In term 3, our students are taught about the Classical history of Athens and Sparta. This includes a study of the political systems of Athens and Sparta as well as exploring various social components of their culture, including the infamous Spartan education system. The students will also learn about the Persian Empire and the wars fought between Persia and Greece. This is then followed the final major internal conflict of Classical Greece, the Peloponnesian War.
Students' classwork and homework will be assessed by teachers and students given feedback on their work.
An Athenian magistrate.
An Athenian politician.
The students develop their source analysis skills with a focus on the usefulness of sources to modern historians.
The students develop their understanding of Athenian democracy and the impact it had on today's world.
In term 4, the students will engage in a comprehensive study of Alexander the Great. The course begins with some lessons on the state of Macedonia, Philip II, and the early life of Alexander the Great. The students then go on to learn about the conquests of Alexander in Egypt, Persia, and western India. The students will explore a wide breath of ancient sources and the large quantity of the content, taught in class, derives from these sources. The students will write an essay evaluating the successes and failures of Alexander and make a judgement on whether Alexander should be considered "Great".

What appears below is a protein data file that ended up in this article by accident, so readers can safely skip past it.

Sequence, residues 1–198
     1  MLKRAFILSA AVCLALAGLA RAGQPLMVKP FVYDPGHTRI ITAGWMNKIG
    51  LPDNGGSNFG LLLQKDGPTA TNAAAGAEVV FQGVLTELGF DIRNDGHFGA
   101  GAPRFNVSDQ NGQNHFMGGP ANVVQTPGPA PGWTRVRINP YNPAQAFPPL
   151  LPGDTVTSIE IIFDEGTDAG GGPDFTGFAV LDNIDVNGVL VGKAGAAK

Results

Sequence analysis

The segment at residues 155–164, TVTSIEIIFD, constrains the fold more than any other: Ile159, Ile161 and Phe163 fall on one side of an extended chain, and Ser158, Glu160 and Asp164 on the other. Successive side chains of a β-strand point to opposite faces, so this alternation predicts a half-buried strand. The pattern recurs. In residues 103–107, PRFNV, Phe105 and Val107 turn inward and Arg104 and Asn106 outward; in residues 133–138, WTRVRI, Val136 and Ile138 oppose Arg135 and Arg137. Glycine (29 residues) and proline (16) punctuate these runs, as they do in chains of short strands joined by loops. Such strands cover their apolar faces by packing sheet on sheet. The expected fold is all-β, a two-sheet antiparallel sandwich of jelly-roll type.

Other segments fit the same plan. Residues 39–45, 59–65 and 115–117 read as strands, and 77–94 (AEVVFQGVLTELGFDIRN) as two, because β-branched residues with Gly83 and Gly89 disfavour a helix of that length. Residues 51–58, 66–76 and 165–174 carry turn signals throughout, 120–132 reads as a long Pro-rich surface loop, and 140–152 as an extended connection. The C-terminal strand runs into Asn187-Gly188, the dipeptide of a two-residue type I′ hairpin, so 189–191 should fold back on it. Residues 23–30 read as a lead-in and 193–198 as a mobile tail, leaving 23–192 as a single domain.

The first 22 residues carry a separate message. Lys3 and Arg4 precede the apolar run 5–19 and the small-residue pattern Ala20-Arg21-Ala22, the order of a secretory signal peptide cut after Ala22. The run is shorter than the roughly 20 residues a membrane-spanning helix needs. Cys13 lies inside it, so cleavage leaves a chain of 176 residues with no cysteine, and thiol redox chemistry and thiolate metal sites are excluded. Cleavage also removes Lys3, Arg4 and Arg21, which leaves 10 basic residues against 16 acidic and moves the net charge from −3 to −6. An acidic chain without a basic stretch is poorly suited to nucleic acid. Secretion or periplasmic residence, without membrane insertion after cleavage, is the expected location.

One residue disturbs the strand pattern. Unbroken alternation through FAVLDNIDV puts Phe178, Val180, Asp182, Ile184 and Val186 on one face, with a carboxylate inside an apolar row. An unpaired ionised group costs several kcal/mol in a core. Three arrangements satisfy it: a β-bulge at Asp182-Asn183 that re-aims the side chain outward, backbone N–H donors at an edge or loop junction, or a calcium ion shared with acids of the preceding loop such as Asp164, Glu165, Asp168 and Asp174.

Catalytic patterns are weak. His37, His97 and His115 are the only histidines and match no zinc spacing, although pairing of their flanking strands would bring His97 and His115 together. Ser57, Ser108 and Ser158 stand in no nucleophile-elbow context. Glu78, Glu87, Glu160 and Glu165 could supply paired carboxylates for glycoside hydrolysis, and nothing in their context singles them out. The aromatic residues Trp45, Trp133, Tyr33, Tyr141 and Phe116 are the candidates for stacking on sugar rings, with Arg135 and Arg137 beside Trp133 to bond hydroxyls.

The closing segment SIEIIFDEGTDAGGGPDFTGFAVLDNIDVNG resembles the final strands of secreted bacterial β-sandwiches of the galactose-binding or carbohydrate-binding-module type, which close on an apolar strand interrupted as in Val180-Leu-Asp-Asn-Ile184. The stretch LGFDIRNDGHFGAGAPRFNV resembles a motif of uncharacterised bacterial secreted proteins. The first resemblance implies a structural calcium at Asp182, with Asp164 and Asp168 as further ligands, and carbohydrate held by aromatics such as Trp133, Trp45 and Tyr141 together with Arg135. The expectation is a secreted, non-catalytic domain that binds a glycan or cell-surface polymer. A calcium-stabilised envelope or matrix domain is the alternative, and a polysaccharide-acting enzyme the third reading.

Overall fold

The students answer some short questions on historical sources and complete a 15 mark question on Alexander the Great.
King of Macedonia and father of Alexander.
State in Northern Greece.
A massive Asian empire centred in Iran.
A Greek spear wall.
Kingdoms set up after the death of Alexander the Great.
The students develop their 'cause and consequence' second-order concept essay skills with an emphasis on the evaluation of factors.
The students develop their understanding of the impact of contrasting cultures coming together in the ancient world and its relevance today.
In term 5, the students study a literature module rather than a historical course, like the previous 4 terms. In this module, the students read extracts from five books (chapters) from Homer's Odyssey The students learn about the narrative of the story as well as literery techniques that are used to analyse the writing style of the author. The students will learn and practice essay questions as well as source activities.
Source questions on the Odyssey and a 15 mark causation question.
The students develop their language analysis skills in relation to ancient Greek literature.
The students develop their understanding of ancient Greek literature and the impact this had on literature in the western world.
This topic examines the pantheon of gods, focusing on the twelve Olympian gods, as well as Dionysus/Bacchus and Hades/Pluto. We will discover what unique skills each of them had, and how the Greeks and Romans typically represented them in their art and literature.
Assessment on a source and 8 mark questions.
The students develop their extended writing and evaluation skills with the use of ancient sources.
The students develop their understanding of ancient religious culture similarities and differences to modern religions.